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11 hours ago, lawyergirl said:

Hello:  As a government contractor, if you collect the paperwork for (secret) security clearance submission (from potential candidates whose job offers are contingent upon successful security clearance), and the candidate lists past drug use or some other potentially disqualifying factor, what do you do?  On one hand, the candidate might still pass clearance so I can understand that’s it is not up to the contractor to pull the candidate from the running.  On the other hand, the security clearance process is expensive, and it’s a waste of taxpayer money to put a candidate through the process in any respect if there is a good chance of rejection.  Does anyone have guidance to offer on this question.  Thanks so much in advance!

It's interesting to me that a contractor would make job offers contingent upon receiving a successful clearance. That process could, and often does, take many months to complete. During that time, what is the potential employee doing? Searching for another job at another company, I hope.

Alternate courses of action, for consideration:

1. Post job offers that require an active clearance. Anybody without an active clearance is rejected as not meeting requirements.

2. Hire people who don't have clearances, with the understanding that if they don't receive a clearance, they will be moved to another position that doesn't require a clearance or terminated. What do they do in the meantime (while waiting for the clearance)? Perhaps there are some other tasks that need to be done. Perhaps they can receive training to prepare them for successful execution of their job duties when the clearance is received. Maybe hand them a broom or a mop and tell them to clean offices. The point is, put them to work and receive benefit.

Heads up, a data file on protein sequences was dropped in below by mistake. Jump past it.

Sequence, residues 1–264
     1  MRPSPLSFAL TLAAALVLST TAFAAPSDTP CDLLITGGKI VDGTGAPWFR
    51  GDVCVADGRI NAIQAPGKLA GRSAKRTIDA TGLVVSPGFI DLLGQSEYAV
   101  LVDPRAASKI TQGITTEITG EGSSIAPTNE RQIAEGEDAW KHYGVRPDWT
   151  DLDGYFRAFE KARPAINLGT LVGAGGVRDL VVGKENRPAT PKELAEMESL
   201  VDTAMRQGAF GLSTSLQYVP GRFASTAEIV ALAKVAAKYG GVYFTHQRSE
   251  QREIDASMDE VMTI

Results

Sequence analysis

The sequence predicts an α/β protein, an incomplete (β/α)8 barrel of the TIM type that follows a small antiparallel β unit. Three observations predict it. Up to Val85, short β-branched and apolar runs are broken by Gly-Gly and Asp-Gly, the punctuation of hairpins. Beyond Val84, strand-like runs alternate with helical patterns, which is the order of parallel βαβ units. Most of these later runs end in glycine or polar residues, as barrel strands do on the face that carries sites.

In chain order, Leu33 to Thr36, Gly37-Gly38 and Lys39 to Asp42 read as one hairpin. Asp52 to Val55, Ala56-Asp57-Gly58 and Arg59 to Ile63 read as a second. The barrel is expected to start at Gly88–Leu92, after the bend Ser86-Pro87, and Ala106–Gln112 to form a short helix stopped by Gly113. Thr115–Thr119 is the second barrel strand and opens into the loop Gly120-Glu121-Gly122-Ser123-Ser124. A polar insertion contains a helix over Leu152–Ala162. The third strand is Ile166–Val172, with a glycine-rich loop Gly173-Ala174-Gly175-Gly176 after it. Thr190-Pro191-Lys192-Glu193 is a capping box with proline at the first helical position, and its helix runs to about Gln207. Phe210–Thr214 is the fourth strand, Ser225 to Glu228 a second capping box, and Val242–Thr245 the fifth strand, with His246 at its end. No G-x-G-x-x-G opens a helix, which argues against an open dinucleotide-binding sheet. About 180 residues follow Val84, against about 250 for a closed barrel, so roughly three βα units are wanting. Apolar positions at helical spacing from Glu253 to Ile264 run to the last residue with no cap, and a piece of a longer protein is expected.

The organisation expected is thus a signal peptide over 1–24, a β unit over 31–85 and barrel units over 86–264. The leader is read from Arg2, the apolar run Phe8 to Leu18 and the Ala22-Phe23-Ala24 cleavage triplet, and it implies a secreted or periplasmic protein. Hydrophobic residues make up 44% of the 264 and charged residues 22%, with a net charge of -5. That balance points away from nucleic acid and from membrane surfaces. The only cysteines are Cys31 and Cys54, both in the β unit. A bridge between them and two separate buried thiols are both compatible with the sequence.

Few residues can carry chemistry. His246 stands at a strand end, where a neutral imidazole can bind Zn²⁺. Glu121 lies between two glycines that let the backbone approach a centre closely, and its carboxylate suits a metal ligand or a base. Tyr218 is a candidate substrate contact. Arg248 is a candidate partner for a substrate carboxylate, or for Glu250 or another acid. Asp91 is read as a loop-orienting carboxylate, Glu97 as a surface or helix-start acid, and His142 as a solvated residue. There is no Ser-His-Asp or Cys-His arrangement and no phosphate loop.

Yes, the clearance process is expensive but it's also a routine cost of doing business. Normally, it's an indirect cost because it's so prevalent.

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Companies consider potential impact on their bottom dollar.  Period.  Riskier candidates could mean delayed revenue and possible contract default.  Is the risk worth the reward?  Most for profit companies, if not all, couldn’t care less how much it costs the Government to run a background check.

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This practice of government approving candidates prior to starting always bothered me.  It’s something both government and contractors need to jointly stop.  If the government did a good job with source selection, they should completely trust the contractor will provide high quality employees.  If they can’t do that, make the source selection process needs tweaking.  If employee characteristics and capabilities are important and how the company provides those, that’s easy to evaluate along with past performance.  Otherwise this practice borders on personal services.

The other side is I personally wouldn’t want to work for a company that employees based on a government job.  So employment starts and ends based on specific engagement?  

 

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6 minutes ago, formerfed said:

The other side is I personally wouldn’t want to work for a company that employees based on a government job.  So employment starts and ends based on specific engagement?

This happen sometimes.  For example, the need for linguists in Iraq and Afghanistan has caused companies to hire people they otherwise would not hire.  Further, employment of such people is frequently contingent upon them passing a language test with a certain score.

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8 hours ago, Retreadfed said:

This happen sometimes.  For example, the need for linguists in Iraq and Afghanistan has caused companies to hire people they otherwise would not hire.  Further, employment of such people is frequently contingent upon them passing a language test with a certain score.

That instance makes sense I guess.  But where the improper stuff happens are contracts for routine support - IT development, operations, advisory & assistance, engineering and professional services, and technical consultants.  I constantly see and hear PMs say they need to interview new hires to see how well they’ll fit in, they want to ask tough questions to see if the new hires knows what the resume says, or if they like the person’s attitude!  I’ve done lots of interviews and see numerous resumes and am amazed at how frequently people’s jobs change.  Reasons given are government requirements for the individual position changed, cut back in government funding, company lost the recompete, and a government PM wanted someone else.  So the employee is just let go.